Some politicians and editorial boards ("Move forward with transit investments, Jan. 19) are happy to jump on the bandwagon for the next extension of light rail in Minnesota, the Southwest line. But what are the true costs? And can we afford it?

Using the Met Council's 2010 report, the cost of a single ride on the Hiawatha light-rail line is $2.46. Riders pay only 99 cents of this cost, leaving almost 60 percent to be subsidized by the public.

But this is not the true cost of a ride, as it does not include the 30-year amortized costs of bonding for the build-out of the line. Adding those costs in, at a 4 percent bond interest rate, a single ride actually costs $6.42, which means each ride is subsidized by 85 percent.

If a family of four rides the Hiawatha Line to a Twins game, the public is paying a total of $43.36, while the riders are contributing $3.96.

Right now, we are paying over $15 million each year to keep the Hiawatha Line operating. Adding in the amortized costs of building the line, it's more than $56 million in taxpayer dollars each year. Yes, some of the costs were federally funded, and other revenue streams are bearing some of the burden. But with trillions of dollars of deficit spending, do we really want to add to the debt that future generations will pay for decades to come?

Using the Hiawatha Line as a model, let's project the costs of the Central Corridor and Southwest lines. Assuming the same level of revenue from ridership and operating costs, the Central Corridor will require more than $17 million each year in operating subsidy and more than $55 million a year for the amortized costs. The new Southwest line will require more than $12 million in operating subsidy with more than $72 million in amortized costs. And don't forget about Northstar commuter rail, which has an annual operating subsidy of over $13 million, with amortized costs of over $18 million.

Once all four lines are in operation, the public will pay more than $58 million each year to just operate the lines. The actual costs, with the amortized build-out costs included, is just short of a quarter of a billion dollars each year.This is for a mode of transportation that, in my opinion, has a negligible effect on traffic congestion and would be more economically provided by existing bus service. Even worse, we are taking money away from building or rebuilding critical highway infrastructure needs to operate this incredibly expensive mode of transportation. Starving the rest of our transportation system in favor of a more expensive, less efficient and totally inflexible light-rail system is the epitome of politics trumping common sense.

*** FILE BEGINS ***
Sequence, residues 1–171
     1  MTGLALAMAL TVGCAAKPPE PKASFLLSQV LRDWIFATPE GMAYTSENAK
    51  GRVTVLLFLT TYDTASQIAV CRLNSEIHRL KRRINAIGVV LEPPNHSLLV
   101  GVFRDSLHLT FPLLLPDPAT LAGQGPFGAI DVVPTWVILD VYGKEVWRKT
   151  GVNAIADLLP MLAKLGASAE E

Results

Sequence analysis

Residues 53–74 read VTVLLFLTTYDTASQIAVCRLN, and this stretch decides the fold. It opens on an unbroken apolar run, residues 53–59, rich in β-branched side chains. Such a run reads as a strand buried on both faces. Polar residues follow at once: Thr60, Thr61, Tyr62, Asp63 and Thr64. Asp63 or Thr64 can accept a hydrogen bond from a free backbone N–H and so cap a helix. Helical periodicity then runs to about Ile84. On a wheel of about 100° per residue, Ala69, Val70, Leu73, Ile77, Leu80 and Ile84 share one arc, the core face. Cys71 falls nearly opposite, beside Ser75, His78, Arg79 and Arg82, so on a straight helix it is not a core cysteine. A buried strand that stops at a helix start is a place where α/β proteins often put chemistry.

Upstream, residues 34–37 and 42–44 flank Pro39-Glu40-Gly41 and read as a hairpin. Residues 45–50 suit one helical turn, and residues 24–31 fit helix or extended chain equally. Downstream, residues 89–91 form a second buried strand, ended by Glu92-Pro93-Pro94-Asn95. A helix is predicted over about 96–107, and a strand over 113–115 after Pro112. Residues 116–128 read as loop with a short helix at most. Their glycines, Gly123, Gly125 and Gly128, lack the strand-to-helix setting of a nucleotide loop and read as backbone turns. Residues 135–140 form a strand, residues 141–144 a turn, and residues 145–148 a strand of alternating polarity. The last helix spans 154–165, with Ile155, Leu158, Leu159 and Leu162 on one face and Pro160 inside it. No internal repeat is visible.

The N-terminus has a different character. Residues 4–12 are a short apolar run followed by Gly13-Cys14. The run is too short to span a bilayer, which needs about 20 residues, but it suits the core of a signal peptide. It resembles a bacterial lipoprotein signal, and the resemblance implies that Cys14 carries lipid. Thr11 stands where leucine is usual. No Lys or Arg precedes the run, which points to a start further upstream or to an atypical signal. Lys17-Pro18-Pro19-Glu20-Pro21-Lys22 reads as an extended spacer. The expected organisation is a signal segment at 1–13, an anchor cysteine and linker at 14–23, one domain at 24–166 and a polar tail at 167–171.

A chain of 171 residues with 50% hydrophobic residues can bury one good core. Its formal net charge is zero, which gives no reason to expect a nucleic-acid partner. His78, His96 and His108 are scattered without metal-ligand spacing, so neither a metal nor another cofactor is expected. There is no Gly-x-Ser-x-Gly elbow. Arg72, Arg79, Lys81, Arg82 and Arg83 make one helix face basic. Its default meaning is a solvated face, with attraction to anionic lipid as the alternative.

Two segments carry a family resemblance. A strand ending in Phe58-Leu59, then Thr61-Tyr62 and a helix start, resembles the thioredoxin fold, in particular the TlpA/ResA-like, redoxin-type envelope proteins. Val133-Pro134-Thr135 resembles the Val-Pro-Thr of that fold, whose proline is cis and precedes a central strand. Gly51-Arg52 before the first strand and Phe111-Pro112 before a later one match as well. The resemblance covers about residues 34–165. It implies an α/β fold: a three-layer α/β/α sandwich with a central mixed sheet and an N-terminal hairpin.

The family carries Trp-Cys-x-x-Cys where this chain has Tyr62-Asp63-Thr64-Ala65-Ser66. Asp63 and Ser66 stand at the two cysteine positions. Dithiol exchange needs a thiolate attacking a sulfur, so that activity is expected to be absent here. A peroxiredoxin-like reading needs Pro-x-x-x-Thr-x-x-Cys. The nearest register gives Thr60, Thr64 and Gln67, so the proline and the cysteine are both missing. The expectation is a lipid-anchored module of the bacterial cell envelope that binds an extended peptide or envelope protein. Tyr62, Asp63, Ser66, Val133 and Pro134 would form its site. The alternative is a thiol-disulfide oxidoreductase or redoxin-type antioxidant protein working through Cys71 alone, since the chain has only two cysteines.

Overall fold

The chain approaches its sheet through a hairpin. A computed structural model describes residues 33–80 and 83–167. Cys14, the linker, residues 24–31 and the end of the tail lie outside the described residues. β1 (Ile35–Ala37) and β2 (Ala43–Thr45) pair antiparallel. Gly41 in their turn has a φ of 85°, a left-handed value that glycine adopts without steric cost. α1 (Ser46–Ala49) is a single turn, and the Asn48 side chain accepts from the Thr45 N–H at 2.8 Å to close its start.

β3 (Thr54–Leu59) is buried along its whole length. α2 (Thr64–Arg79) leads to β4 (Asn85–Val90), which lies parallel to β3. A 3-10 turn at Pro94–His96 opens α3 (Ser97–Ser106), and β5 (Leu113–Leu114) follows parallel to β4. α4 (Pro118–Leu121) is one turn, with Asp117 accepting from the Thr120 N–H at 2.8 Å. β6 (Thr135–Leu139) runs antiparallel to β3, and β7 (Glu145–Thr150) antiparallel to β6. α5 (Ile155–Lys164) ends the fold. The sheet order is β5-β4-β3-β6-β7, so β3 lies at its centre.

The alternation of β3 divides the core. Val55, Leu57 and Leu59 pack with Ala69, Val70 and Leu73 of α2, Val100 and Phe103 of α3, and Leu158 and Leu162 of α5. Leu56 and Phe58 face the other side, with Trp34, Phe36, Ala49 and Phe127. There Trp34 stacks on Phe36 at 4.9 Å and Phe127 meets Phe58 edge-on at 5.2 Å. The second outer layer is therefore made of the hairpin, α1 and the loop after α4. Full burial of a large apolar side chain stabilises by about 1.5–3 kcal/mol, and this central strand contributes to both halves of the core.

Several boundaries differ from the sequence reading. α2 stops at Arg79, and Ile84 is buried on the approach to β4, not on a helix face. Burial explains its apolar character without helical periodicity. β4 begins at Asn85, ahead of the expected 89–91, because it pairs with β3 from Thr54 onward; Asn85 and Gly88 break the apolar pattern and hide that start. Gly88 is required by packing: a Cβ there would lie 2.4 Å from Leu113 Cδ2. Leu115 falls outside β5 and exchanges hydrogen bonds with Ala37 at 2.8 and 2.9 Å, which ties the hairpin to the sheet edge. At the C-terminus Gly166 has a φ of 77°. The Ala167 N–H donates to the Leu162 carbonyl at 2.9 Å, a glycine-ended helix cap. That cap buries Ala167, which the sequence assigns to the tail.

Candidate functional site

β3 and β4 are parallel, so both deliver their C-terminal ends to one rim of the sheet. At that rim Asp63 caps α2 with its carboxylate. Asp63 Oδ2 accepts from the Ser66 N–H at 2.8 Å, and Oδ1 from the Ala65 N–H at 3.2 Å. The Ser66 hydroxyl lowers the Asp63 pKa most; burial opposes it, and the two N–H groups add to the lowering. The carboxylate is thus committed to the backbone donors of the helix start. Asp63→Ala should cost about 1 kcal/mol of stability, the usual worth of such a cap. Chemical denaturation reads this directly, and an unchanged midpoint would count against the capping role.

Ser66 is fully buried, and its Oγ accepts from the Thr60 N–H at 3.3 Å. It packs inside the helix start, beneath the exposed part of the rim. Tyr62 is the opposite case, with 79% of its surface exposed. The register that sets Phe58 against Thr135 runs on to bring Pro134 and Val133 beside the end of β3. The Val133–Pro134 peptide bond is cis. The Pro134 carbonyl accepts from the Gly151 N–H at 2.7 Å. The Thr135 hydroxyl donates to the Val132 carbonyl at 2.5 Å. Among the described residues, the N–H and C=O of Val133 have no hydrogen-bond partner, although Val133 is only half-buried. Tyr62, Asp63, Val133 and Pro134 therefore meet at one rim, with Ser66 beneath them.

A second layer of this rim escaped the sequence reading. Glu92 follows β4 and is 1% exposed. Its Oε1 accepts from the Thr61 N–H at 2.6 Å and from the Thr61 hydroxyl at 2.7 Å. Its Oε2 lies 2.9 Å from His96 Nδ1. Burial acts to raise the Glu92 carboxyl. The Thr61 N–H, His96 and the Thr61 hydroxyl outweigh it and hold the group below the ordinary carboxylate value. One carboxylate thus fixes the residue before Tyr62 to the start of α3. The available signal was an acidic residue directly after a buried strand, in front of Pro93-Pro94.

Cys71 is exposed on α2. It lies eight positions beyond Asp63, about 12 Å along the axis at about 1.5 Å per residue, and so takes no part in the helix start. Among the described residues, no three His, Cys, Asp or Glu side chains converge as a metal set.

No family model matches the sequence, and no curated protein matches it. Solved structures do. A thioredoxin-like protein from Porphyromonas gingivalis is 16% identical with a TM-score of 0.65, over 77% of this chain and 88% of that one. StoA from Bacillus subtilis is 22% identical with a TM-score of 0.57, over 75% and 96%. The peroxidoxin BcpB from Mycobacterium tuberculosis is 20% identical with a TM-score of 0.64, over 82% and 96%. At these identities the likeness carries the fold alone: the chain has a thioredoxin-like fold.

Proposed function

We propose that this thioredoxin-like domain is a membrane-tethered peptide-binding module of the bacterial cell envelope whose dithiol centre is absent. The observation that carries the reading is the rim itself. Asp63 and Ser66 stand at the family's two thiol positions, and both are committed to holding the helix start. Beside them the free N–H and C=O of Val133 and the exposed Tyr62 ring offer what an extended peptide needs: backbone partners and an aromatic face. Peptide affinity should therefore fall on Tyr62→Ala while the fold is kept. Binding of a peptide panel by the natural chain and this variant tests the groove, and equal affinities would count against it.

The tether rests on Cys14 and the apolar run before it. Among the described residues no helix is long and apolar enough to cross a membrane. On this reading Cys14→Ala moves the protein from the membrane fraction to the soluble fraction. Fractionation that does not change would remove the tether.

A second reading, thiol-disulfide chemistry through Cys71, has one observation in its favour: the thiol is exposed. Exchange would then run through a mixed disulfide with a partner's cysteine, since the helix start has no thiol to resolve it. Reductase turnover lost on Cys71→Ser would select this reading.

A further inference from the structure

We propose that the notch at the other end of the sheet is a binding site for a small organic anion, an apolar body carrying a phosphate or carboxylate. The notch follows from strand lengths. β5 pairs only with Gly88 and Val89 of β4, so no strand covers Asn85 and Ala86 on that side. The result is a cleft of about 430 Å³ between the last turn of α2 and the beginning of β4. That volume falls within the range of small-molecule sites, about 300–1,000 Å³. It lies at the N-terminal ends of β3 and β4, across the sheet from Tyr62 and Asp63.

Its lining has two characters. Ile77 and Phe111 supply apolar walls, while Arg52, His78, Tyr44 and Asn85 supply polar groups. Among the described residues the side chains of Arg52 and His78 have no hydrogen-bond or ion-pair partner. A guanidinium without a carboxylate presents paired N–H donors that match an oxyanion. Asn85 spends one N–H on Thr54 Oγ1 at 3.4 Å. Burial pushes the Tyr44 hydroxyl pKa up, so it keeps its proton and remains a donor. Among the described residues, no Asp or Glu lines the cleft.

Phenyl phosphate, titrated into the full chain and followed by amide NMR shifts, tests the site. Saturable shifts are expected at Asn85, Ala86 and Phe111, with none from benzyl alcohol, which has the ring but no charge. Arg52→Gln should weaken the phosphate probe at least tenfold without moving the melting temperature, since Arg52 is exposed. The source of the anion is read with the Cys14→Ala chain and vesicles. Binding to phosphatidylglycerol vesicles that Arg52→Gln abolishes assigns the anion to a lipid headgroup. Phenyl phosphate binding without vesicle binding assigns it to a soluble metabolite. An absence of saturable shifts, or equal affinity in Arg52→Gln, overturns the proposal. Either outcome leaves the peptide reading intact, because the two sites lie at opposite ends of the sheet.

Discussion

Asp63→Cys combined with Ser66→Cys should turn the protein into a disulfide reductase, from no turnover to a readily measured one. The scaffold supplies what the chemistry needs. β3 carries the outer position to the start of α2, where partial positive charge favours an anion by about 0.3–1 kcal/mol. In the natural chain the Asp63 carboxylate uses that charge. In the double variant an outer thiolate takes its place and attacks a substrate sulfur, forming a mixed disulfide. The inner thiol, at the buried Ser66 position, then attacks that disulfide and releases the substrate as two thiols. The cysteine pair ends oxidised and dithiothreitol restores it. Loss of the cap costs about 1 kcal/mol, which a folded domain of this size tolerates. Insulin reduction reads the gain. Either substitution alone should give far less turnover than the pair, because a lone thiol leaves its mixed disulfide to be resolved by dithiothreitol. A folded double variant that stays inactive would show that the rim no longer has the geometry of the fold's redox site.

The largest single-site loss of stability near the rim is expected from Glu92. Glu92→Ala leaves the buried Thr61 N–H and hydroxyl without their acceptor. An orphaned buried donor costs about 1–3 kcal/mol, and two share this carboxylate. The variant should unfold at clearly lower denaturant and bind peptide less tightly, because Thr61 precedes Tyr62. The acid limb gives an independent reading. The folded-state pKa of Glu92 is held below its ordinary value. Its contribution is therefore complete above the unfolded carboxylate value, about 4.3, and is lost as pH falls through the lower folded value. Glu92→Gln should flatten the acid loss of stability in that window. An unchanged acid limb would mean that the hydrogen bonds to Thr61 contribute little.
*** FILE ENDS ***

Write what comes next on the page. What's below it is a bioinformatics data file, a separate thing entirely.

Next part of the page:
Proponents will cite the fact that light rail will create jobs. But so will building lane miles and bridges. Minnesota Department of Transportation studies have proven that roads have a benefit/cost ratio greater than one, meaning that the economic benefit of a project outweighs the actual cost of the improvement and will pay for itself over time. Most road and bridge projects have ratios of three or four, meaning that $3 or $4 of calculated value is returned for every dollar of costs. The Hiawatha Line was projected at 0.42 in 1999, meaning that for every dollar spent, we receive 42 cents in value.

When you look at the costs, building more light rail lines is nothing short of a money pit that will bankrupt our state and our nation. It is time to cut our losses and stop this madness.

David Osmek is a member of the Mound City Council and a Republican candidate for the state Senate.